11 Stories Behind Famous Rock Band Names

British pop group the Beatles standing in front of four microphones at a press conference where they discussed their concert at Shea Stadium, New York City. L-R: Ringo Starr, Paul McCartney, John Lennon (1940 -1980), and George Harrison (1943 - 2001).

1966: British pop group the Beatles standing in front of four microphones at a press conference where they discussed their concert at Shea Stadium, New York City. (Photo: Santi Visalli Inc./Getty Images)

Picking a band name is no easy task: it defines you as artists and, once you’ve settled on it, you can’t simply discard it once your career is underway. (Well, you can, but it wouldn’t necessarily be wise.)

Lucky for us, most of our favourite groups have interesting back stories. Whether it’s finding inspiration from sewing machines or beer ads or “lead balloons”, here are the fascinating (and often bizarre) stories behind some of the world’s biggest bands.


Contrary to popular belief, the name AC/DC is not anti-Catholic. Despite the rumours that ran rampant when the Australian band made their debut in 1973, the letters don’t stand for “Anti-Christ/Devil Child” or “Anti-Christian/Devil’s Crusade” or any other random satanic messaging.

In fact, the real story behind the name is decidedly more mundane: The abbreviation is actually borrowed from an old sewing machine. …Really.

Lead guitarist and founding member Angus Young is well-known for his penchant for wearing schoolboy uniforms on stage, dating back to the band’s inception. In fact, during the group’s early days, Young’s uniforms were handmade by his sister. And stuck onto the side of her sewing machine was a sticker that read AC/DC, an abbreviation which referred to the “alternating current/direct current” electricity—hence the high voltage lightning bolt that separates the “AC” and “DC” in all artwork pertaining to the band.

Young thought the name sounded cool and suited the raw, power-driven sounds of the bands live performances. So, rock on, Alternating Current/Direct Current.


LOS ANGELES - AUGUST 1962: Rock and roll band "The Beach Boys" pose for a portrait with a surfboard in August 1962 in Los Angeles, California. (L-R) Brian Wilson, Mike Love, Dennis Wilson, Carl Wilson, David Marks. This image was used on the cover of 'Surfin' USA'. (Photo by Michael Ochs Archives/Getty Images)

The Beach Boys

Back in the late 1950s, Brian Wilson and co. were known as The Pendeltones, a play on the spelling of “Pendleton” (a style of woolen shirt) and “tone” (as in the musical term). Not very exciting, is it?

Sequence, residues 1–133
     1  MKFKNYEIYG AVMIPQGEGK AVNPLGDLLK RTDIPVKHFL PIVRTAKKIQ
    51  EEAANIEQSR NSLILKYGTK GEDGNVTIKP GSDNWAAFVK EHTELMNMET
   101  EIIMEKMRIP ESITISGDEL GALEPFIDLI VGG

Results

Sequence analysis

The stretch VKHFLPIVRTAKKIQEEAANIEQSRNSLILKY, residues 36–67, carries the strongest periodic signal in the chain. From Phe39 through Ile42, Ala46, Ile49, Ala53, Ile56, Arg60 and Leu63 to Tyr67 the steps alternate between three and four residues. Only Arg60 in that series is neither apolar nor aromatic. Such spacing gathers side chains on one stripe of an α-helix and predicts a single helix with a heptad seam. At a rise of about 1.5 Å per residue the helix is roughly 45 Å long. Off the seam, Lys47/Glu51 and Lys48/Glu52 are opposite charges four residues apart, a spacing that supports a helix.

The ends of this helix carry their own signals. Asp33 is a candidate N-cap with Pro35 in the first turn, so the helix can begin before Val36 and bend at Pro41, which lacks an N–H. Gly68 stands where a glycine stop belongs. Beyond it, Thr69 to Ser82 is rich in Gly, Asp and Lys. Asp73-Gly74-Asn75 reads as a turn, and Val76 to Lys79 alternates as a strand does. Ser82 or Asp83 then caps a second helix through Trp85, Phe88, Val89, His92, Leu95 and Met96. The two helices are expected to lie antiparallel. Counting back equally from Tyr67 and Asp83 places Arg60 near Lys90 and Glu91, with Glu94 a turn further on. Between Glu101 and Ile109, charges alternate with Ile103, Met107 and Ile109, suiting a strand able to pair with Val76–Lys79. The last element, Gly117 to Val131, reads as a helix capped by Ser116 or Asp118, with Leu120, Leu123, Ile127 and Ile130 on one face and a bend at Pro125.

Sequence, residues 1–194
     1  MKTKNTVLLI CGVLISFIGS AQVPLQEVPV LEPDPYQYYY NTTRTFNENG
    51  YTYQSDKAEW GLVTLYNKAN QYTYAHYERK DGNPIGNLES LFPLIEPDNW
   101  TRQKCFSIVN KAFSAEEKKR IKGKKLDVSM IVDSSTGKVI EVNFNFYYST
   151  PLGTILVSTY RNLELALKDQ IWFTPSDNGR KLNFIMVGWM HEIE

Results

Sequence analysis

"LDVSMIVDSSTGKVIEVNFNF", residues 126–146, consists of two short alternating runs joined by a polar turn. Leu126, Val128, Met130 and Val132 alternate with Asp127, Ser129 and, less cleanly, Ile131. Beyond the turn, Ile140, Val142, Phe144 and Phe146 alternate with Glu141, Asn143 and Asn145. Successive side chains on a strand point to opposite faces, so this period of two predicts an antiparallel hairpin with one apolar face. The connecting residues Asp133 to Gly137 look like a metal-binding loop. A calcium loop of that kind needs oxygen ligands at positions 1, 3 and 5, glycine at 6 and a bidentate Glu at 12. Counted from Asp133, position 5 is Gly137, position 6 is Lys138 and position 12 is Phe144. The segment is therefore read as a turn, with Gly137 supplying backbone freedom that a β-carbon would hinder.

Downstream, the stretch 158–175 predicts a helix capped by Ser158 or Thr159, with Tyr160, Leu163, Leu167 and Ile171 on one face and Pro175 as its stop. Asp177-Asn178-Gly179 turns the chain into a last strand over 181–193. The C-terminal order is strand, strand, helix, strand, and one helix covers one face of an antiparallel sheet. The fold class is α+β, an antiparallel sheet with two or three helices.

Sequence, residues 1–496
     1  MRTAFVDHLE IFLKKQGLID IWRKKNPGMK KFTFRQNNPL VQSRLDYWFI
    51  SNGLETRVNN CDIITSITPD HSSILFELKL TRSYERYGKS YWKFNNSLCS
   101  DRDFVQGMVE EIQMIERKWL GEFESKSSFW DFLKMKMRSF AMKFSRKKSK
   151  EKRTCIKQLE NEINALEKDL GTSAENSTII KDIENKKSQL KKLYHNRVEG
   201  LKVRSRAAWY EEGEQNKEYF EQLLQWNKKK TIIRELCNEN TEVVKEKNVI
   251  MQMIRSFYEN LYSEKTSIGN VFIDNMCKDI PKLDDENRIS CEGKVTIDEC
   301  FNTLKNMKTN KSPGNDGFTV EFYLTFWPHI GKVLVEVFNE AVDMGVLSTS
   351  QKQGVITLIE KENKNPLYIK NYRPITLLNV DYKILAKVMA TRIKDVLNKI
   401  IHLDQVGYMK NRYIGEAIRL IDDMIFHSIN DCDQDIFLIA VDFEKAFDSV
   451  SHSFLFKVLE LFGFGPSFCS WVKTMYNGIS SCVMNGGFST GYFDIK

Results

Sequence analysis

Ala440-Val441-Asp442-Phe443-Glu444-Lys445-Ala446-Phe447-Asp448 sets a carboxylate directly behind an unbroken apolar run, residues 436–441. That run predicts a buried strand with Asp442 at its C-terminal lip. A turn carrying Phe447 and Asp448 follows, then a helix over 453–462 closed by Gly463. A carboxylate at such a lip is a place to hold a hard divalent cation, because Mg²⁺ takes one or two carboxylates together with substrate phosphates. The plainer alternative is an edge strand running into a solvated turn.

In 1961, Herb Newman, owner of Candix Records and Era Records, agreed to release the bands single “Surfin'” (later rerecorded as “Surfin’ Safari”) under one stipulation: that the fivesome change their name to The Beach Boys to cash in on the increasing popularity of surfing and beach culture among teens.

While it’s not uncommon for record executives to weigh in with their thoughts on band names or song titles, what makes this instance so unique is that the name change caught the band completely unawares: they didn’t realize they’d gone from The Pendletones to The Beach Boys until after they saw the cover art for their single. As jarring as it was, the boys took the abrupt name change in stride.

The Beatles

Here’s one that’s still disputed among fans.

Depending on which Beatle you’re talking to, the origin story of the band’s name differs greatly. The more widely-accepted version of events is that John Lennon suggested it in April 1960 after a solitary walk through the park. He said he was partly inspired by the insect-like name of Buddy Holly’s band, The Crickets, and thought The Beatles would work well. (Lennon later changed the spelling of “beetles” to “beatles” so it could be like a “beat” in music.)

However, Paul McCartney and George Harrison remember it differently. They claimed inspiration struck during a group screening of The Wild One, the 1953 biker film starring Marlon Brando. There’s a line where Lee Marvin says to Brando, “Johnny, we’ve been looking for you. The Beetles have missed you.”

Regardless of which version of events you believe, McCartney later discovered that “beetles” (as referenced in The Wild One) is actually slang for “motorcycle girls” in biker culture. If that’s the case, then those mop-topped “Motorcycle Girls” sure made quite the name for themselves on the music charts!

Creedence Clearwater Revival

Have you heard of a Golliwog? It’s a fictional children’s character from nineteenth century literature. Created by Florence Kate Upton in the late 1890s, the character—a black rag doll dressed in formal minstrel attire—has since been (rightfully) called out as racist.